2. ideological idiocy–you refer everything back to your jerking knee.
  3. born-again barricade. (you have accepted Jesus Christ as your personal savior; the person you are talking to has not. That is the 500-pound gorilla YOU have placed in the space between you and your co-talker. Hence the failure to communicate.)
  4. commercial capture (you can’t converse without repeating corporate jingle. With no investment, said corporation has achieved a product placement in your speech.)
  5. weeping. (every conversation is so emotional that you frequently tear up, thereby triggering compassionate response in your co-talker. highly manipulative.)
  6. political doublespeak: sentences deliberately delivered to mean nothing at all, or at least to preserve political viability the next day. political speech—you sound serious, you seem concerned, committed, mature, caring. but, you DO NOT ANSWER THE QUESTION THAT WAS ASKED. You want them to think you did, but you didn’t. You hope that they don’t notice…
  7. disordered desire to please (the urge to say what you think your co-talker wants to hear.)
  8. claiming other peoples’ acquaintances as your own.
  9. fraud, plagiarism: claiming others’ wisdom as your own, even claiming others’ opinions as your own.
  10. claiming someone else’s experience as your own. artificially placing yourself in a narrative/story as if you were there. you weren’t.
  11. Implied Intimacy Syndrome: (you mistakenly think you are your conversation partner’s closest friend. You talk to them that way.)
  12. empty brain block: (happens to a lot of actors. they can’t speak without a script, preferably one that someone else wrote.)
  13. forgetfulness, selective amnesia, senior moment.
  14. excessive concern with process. You talk about talk about talk.
  15. the bore: is always mouthing platitudes or searching for a proverb or quotation relevant to the conversation. Though the search is often unsuccessful, the bore uses the result they have chosen anyway, not caring that it does not really, actually, relate.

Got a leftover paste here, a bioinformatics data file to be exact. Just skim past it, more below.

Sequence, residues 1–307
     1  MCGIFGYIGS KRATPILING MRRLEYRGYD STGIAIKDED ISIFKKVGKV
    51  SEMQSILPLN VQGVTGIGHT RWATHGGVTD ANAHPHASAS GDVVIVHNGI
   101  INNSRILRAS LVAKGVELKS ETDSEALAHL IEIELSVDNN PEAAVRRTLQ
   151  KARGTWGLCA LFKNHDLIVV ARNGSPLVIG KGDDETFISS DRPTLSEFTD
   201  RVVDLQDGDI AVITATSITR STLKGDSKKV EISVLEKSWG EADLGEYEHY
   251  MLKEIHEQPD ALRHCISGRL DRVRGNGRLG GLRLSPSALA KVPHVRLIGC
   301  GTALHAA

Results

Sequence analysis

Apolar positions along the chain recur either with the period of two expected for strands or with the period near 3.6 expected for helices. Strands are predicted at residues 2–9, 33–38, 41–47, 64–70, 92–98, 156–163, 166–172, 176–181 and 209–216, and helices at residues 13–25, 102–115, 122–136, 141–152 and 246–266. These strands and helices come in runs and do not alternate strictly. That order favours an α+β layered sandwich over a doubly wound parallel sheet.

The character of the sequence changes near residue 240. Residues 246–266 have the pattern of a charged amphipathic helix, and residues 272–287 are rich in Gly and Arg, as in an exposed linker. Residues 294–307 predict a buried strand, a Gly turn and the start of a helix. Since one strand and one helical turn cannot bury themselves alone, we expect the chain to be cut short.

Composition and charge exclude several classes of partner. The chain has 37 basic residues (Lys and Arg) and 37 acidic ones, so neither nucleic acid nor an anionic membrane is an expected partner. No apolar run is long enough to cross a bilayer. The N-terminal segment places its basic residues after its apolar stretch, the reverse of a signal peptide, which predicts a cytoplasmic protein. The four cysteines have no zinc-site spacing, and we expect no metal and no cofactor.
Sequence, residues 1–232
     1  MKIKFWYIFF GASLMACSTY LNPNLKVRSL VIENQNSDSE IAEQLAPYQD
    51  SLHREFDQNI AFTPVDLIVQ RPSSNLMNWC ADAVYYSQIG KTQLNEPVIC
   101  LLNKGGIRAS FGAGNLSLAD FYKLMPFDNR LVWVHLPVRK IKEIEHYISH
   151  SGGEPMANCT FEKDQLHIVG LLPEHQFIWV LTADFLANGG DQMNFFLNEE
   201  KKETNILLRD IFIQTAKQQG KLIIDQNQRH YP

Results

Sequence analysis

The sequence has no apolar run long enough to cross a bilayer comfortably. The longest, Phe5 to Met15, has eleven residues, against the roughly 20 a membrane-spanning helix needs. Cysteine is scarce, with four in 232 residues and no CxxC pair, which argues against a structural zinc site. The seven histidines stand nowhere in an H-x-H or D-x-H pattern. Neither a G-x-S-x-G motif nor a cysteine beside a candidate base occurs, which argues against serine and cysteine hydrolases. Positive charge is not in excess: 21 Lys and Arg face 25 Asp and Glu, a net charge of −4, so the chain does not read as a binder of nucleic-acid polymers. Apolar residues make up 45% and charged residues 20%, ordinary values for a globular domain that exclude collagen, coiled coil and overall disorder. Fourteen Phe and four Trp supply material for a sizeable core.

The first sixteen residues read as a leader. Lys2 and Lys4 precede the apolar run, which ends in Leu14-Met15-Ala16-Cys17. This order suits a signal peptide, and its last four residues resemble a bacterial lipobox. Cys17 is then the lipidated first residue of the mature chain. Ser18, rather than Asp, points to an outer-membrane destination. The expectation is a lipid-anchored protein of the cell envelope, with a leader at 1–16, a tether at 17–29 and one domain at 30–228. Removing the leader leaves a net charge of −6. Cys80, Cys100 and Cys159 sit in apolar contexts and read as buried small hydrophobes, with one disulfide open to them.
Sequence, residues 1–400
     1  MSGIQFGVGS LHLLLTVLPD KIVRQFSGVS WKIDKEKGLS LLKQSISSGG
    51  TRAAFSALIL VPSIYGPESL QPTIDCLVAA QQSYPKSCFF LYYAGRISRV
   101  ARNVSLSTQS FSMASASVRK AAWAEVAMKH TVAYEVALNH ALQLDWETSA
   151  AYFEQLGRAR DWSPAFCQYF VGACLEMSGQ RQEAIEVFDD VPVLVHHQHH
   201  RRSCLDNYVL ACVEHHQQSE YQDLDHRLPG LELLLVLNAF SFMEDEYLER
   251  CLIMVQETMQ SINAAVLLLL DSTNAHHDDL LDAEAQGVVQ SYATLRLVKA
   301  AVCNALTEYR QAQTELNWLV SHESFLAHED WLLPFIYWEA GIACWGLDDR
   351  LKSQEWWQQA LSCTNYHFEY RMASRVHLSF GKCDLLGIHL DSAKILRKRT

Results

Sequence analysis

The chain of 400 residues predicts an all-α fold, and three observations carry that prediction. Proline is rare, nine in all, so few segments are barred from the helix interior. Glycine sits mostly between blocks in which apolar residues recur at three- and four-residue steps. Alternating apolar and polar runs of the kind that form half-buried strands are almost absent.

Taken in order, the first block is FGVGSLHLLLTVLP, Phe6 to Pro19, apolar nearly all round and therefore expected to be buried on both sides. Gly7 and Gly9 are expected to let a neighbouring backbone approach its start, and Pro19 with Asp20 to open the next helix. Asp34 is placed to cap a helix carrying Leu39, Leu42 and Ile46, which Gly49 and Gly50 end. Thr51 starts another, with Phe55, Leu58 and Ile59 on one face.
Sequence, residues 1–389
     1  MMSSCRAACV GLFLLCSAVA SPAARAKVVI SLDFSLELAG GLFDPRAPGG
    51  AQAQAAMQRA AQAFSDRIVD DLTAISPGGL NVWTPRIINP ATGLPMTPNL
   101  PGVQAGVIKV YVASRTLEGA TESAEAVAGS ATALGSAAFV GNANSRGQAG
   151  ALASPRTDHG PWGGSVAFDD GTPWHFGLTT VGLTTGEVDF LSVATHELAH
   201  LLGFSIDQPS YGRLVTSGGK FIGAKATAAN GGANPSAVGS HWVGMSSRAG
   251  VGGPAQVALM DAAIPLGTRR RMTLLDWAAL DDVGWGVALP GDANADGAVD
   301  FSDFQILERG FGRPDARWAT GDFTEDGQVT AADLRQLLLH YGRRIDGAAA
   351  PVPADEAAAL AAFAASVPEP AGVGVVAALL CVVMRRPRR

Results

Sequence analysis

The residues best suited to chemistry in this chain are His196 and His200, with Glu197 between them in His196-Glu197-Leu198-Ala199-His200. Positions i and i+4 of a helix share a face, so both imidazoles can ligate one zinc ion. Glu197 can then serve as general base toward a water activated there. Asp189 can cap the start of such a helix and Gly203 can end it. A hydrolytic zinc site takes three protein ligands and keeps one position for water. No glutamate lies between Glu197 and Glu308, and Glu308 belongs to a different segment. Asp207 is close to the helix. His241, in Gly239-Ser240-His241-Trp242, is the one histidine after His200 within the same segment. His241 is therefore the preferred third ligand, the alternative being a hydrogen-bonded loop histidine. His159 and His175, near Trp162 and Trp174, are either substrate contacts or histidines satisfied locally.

16. (from Ken Pick) Implied Accusation Disorder. Person always makes you feel guilty but you can’t even tell why! It’s in the tone of voice.
  17. Projected Lack of Information Irritation, (You come across as irritated, when you were the one at fault; you could have informed the person of the stuff you are irritated about that they don’t know!)

59.  Can’t handle the Truth. Someone tells you the Absolute Truth of Something and you ignore it and go right on with your contradictory statement, opinion, or point of view.  (See also Rebecca Solnit: “Men Explain Things to Me.”)

60. Always Defensive!  (Okay! Just admit it. Nobody loses when a small fault is admitted!)

61. Here Comes The Judge. You listen judgmentally to everything, and leap into the conversation with your verdict, even though no one asked for it.

62.The Eye Above the Pyramid—-the student of all these variations who is always watching to see which disorder people have. A disorder that gets in the way of, like, just being. (MINE)

Are we up to 100% of the population yet? What? We’ve exceeded it? Oh, That is because some people have more than one! Be the first kid on your block to collect five or six!

The introduction to this article could be called, “hey, you don’t stutter when you meditate.” Of course, that is one of meditation’s supreme benefits to the speech-impediment-challenged. When you are settled into silence, your monologue has no hesitation. Your speech (to yourself) moves as quickly as your brain can produce it. And, moreover, the biggest source of stress in your life—the need to communicate the truth inside you to the outside world— is automatically removed. I speak here as a stutterer/stammerer. But it would be very interesting to see how many of these behaviors (some of which are comical) disappear when a person within the comfort of meditation is only conversing with the Self.

I am always eager to add to this list! If you think you have identified a new one, send it in:

pgould@brandeis.edu

 

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The Inner Peace Outer Peace Reader by Peter Gould & John Ungerleider is licensed under a Creative Commons Attribution-NonCommercial-NoDerivatives 4.0 International License, except where otherwise noted.